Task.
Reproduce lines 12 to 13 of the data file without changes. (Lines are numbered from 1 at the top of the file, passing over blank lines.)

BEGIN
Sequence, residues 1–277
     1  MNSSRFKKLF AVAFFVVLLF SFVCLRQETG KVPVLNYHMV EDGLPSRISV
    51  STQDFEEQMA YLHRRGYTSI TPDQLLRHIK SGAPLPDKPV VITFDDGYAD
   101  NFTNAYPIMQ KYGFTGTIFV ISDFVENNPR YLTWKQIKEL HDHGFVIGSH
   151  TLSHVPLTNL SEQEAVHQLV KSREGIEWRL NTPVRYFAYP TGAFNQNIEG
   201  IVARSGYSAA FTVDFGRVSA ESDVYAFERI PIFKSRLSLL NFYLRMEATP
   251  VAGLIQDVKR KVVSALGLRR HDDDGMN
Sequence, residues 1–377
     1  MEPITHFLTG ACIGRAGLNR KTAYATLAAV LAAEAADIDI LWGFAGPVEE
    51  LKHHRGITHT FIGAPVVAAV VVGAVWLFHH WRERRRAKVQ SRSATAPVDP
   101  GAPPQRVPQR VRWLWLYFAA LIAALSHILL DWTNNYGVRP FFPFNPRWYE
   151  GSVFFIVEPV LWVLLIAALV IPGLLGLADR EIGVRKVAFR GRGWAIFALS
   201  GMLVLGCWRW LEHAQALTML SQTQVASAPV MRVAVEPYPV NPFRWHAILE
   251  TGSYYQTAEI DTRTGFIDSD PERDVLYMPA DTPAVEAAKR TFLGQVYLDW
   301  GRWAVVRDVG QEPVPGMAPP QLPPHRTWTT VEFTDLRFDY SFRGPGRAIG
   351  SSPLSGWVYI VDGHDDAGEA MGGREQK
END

   151  GSVFFIVEPV LWVLLIAALV IPGLLGLADR EIGVRKVAFR GRGWAIFALS
   201  GMLVLGCWRW LEHAQALTML SQTQVASAPV MRVAVEPYPV NPFRWHAILE